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Warren F

Systems Engineer with a penchant for PowerShell, science, cooking, information security, family, cookies, and the Oxford comma.


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Many languages out there force you to declare types; for example, int x; or string y = "hello world";.

PowerShell is easy going. It’s dynamically typed - If you run $x = 5, the parser will see that $x should be an integer. If you run $y = 'Hello world', the parser would see that $y should be a string.

To make things even easier for you, PowerShell will try to finagle types into whatever it thinks they should be - it’s type-promiscuous. If I run Get-Date -Date "1/1/2000", the parser sees that the Date parameter expects a DateTime, and even though we provided a string, it will attempt to convert “1/1/2000” to a fully fledged DateTime.

Why am I rambling on about types? It turns out other languages and technologies might not be as forgiving as PowerShell. You might end up in a situtation where your data needs to be a specific type in PowerShell, before sending it off to another system. SQL is a great example.

How can we verify what types we are working with?

Exploring Types

PowerShell gives us plenty of tools for introspection. Let’s take a quick peak at a few of these.

Exploring with Cmdlets

The most common way to explore an object is the Get-Member command. You can use this to explore below the surface of your output. Take a look at a DateTime object:

# Look at the methods and properties on a DateTime object from Get-Date:
Get-Date | Get-Member

If you run this, you will find a wealth of information; there’s are DayOfWeek, Millisecond, Month and many other properties, along with methods like AddDays and ToUniversalTime.

Hopefully you already knew this! Get-Command, Get-Help, and Get-Member are three major pillars of discovery and exploration in PowerShell.

These commands are fantastic, but what if you want to dive in deeper? You’ll need to start working with .NET Reflection.

Exploring with .NET Reflection

We’ll only poke the surface of .NET Reflection, but this is a powerful tool to explore underneath the covers:

Google around, and you will find a trove of interesting and esoteric examples using .NET Reflection in PowerShell. You might find a post on exploring types and enums.

Let’s look at a more practical example, and see if we can verify what types we have on some data we want to send to SQL.


A while back, I kept running into scenarios where I would have a collection of data to send to SQL… Everything seemed in order, but there would occasionally be a handful of rows to insert that had the wrong property type. SQL might bark at you when this happens.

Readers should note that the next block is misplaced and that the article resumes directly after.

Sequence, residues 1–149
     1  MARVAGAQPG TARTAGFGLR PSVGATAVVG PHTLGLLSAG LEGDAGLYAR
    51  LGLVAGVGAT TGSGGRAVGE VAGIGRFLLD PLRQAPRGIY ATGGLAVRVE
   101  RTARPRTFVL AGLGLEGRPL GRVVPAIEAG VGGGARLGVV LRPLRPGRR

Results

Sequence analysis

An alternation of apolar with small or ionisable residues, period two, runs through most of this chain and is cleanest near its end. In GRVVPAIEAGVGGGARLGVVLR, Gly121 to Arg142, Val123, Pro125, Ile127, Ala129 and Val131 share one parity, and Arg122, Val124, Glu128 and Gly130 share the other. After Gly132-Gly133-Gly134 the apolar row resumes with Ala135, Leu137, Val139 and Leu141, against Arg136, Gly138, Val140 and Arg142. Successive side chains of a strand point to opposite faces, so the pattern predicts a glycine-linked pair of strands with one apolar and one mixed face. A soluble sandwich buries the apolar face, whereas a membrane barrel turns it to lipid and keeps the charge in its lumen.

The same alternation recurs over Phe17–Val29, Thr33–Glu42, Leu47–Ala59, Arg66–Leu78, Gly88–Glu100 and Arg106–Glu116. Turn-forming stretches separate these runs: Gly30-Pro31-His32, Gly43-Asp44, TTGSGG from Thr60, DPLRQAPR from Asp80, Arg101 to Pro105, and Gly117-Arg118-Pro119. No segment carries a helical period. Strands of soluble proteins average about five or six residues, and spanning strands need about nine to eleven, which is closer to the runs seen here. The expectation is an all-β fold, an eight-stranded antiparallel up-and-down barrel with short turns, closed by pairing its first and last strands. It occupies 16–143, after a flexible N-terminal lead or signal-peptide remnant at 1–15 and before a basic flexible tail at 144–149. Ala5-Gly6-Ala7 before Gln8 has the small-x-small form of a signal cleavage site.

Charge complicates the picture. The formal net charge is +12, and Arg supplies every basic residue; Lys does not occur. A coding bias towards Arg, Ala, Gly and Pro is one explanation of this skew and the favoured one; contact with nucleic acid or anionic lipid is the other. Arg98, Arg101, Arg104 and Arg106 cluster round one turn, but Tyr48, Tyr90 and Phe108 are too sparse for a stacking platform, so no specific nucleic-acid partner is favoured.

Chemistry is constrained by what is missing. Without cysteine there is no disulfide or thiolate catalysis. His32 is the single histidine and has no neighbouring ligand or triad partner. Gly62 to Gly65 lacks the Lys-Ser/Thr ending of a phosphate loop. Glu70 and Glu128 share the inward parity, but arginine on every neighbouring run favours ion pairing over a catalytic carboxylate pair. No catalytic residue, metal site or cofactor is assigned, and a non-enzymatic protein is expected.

Rather than dealing with these on a case by case basis, I wrote a quick tool to validate the property types of every object in an array - Get-PropertyType.

Let’s take a look at it in action:


That’s not too exciting; let’s toss a wrench in there:

Now what happens?


No good! We have both strings and booleans now. Let’s pretend there were actual gremlins and we have no idea which row has a column with the wrong type. How do we find the offending object?


That’s it! You can use Get-PropertyType to quickly validate that all the objects in your collection have consistent or expected property types.

Behind the Scenes

What’s going on behind the scenes? It’s fairly straight forward. We get a list of property names, and we keep track of what types we see for each of these properties.

If you haven’t seen it, there’s a nifty trick we use to get the properties. Every PowerShell object has a magical hidden PSObject property. Rather than parse output from Get-Member, we use this PSObject property.

For example, you could look at the properties of the $Date object we created earlier: $Date.PSObject.Properties

One major benefit to using PSObject.Properties is that it returns the property names in the order you would typically see them. Get-Member only gives you alphabetized output.

If you poke around, you might find other helpful members of PSObject, like the PSObject.Copy() method.

That’s about it! If .NET Reflection and the strange PSObject property intrigue you, be sure to check out Bruce Payette’s PowerShell in Action. It targets PowerShell 2, but it contains a trove of information still applicable today. Thankfully, we might see a sequel!


Disclaimer: Nothing here can be classified as duck typing. All this talk of types just reminded me of this.